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Vince Gill and the Time Jumpers

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Vince Gill and the Time Jumpers


Vince Gill and the Time Jumpers Come to Granada Theatre

UCSB Arts & Lectures Presents Renowned Western Swing Group


Country, roots, and Americana music fans will have a reason to jump with joy tonight, Thursday, September 29, when Vince Gill, one of the most awarded and lauded country artists of his time, bounds over to the Granada Theatre with his Western swing band the Time Jumpers, courtesy of UCSB Arts & Lectures. What started as a garage practice session has become one of the most renowned acts on the country circuit, with more expert musicianship in their single 10-piece act than on entire festival bills. I spoke with Gill about the Time Jumpers’ departed singer Dawn Sears, modern country music, and time travel.

Your newest album, Kid Sister, is a tribute to former member Dawn Sears, who passed away in 2014. How has her loss affected the band? Dawn was the singer extraordinaire of this band for a long time, and also she was my lifelong friend for over 20 years. With the Time Jumpers, she was the focal point, a real showstopper. Now that she’s gone, we don’t have that anymore, and it’s kind of tough when you don’t have the engine pulling the train.

The album has an almost cinematic quality to it. How did you achieve that? The reason this band started was our love for Western swing music, which was popular in the ’30s and ’40s; there’s a base to it that is intended to sound timeless. We’re not following the current trend of what modern country music or modern pop music might sound like — we are consciously trying to make a new song sound old.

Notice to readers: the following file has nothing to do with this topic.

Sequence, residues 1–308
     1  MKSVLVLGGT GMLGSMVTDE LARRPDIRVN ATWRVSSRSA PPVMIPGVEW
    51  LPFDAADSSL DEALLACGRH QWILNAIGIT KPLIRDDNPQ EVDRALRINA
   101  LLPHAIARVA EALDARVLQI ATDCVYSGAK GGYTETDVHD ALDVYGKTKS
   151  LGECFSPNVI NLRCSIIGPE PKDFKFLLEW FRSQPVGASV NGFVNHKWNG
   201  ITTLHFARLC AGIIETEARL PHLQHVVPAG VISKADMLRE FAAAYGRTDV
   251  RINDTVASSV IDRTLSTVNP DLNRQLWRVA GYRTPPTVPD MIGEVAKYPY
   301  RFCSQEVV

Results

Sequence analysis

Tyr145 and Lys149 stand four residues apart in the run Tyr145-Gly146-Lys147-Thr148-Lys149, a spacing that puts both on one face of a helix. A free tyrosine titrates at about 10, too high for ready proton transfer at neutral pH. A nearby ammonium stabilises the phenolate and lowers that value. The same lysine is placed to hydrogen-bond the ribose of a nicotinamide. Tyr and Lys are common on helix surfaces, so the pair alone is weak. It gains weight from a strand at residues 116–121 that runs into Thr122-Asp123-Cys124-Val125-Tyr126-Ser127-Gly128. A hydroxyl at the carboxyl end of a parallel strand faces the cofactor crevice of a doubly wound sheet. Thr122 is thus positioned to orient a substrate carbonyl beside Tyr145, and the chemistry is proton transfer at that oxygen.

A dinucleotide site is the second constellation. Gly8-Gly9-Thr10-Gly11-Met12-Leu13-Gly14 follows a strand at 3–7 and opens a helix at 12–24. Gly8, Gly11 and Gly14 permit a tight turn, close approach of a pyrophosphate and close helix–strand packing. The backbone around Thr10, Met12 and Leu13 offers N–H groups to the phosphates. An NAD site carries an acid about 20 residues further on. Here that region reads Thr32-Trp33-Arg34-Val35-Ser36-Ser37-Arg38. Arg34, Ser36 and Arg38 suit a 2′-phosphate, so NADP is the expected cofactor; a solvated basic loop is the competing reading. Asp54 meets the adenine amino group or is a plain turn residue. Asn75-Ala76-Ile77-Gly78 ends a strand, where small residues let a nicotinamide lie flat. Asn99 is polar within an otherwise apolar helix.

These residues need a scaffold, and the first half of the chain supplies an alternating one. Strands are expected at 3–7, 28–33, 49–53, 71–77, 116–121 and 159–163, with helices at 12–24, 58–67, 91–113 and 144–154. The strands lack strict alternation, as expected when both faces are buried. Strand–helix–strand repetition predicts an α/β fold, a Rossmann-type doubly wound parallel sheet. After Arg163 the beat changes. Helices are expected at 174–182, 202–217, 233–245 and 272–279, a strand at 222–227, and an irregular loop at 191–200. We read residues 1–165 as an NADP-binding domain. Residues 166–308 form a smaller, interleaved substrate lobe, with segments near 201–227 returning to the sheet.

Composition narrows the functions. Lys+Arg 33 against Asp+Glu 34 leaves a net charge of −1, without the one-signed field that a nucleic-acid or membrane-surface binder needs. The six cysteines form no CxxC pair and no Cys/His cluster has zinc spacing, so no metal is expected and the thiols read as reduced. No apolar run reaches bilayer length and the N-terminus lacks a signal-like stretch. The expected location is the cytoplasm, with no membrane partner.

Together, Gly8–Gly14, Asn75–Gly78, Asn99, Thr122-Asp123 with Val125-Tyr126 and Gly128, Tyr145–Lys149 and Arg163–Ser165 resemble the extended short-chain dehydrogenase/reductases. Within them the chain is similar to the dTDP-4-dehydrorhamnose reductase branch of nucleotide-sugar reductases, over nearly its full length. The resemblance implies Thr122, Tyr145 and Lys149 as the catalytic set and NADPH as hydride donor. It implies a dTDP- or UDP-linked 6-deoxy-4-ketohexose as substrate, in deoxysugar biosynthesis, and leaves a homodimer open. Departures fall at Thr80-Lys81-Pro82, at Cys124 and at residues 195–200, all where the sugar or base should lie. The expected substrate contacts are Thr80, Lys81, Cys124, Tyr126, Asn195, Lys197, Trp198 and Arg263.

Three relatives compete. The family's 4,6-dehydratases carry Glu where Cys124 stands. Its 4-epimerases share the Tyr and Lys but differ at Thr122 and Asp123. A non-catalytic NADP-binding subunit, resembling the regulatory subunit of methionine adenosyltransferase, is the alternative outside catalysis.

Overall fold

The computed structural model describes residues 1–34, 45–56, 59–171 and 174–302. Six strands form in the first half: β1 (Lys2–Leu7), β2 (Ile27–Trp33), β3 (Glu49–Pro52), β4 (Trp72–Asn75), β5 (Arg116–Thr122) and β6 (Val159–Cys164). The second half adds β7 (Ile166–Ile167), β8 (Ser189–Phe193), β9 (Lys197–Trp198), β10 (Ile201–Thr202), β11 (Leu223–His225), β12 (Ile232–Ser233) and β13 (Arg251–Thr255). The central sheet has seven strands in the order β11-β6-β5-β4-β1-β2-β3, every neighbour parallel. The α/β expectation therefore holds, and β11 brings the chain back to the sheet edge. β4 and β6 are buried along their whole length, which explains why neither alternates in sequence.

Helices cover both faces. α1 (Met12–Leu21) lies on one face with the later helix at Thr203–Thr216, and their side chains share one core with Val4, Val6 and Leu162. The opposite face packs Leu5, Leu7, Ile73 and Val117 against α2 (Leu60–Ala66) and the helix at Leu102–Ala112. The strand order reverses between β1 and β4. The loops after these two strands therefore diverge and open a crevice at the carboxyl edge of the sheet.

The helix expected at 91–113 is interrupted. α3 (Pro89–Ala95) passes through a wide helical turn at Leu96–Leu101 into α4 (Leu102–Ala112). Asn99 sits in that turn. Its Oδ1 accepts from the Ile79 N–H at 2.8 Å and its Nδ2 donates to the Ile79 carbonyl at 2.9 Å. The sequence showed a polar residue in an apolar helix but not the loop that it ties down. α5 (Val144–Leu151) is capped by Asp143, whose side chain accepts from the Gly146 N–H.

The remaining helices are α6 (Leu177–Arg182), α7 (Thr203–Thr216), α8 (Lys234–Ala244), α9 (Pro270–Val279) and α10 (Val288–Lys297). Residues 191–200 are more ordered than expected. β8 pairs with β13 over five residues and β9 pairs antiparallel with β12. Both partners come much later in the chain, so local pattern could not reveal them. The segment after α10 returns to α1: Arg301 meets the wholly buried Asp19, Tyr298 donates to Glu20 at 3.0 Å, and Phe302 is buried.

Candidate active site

How do you see the Time Jumpers in relation to modern country music? If you look at the average age in this band, it’s 60-plus. We’re not 25-year-old kids trying to make our mark and chase what everybody else chases. Country music is always kind of trying to be something that it was but also something that it wasn’t, in a sense. We certainly don’t feel like we’re trying to compete in the modern world. We know our place, and we know what we love.

How do you feel about all the awards you’ve won? Being gracious and grateful is a lot easier than being so sure of yourself that you think, “Oh, I’m going to win again,” which is not a wise way to think. … I think at least half of the Grammys I’ve won are because of something I did with someone else. It’s collaborating with people and writing songs. It’s not the amount of awards I’ve won that I’m proudest of; it’s the diversity of how far-reaching the bands I’ve played with are. From Alice Cooper to Barbra Streisand, I’ve covered a lot of crazy ground, and that’s what I like the most.

Why is music from the ’30s and ’40s relevant today? Would you go back to that era? I’m thinking that people would say an artist should want to be in an era if he loves it so much, but no, I don’t think so. I’d say no; we need him now, in this era. You need to harken back to different generations to inspire the future.

If you could jump back in time to any era, when would you go? Oh, golly, I don’t know if I would. I like being here. I’m an in-the-moment guy. I wouldn’t change anything, either. I’ve made some mistakes, and I’ve learned from them — I could change them, but then I wouldn’t be here with this moment. I’m good with right now.

Vince Gill and the Time Jumpers play on Thursday, September 29, at 8 p.m., the Granada Theatre (1214 State St.). For more information, call (805) 899-2222 or see granadasb.org.



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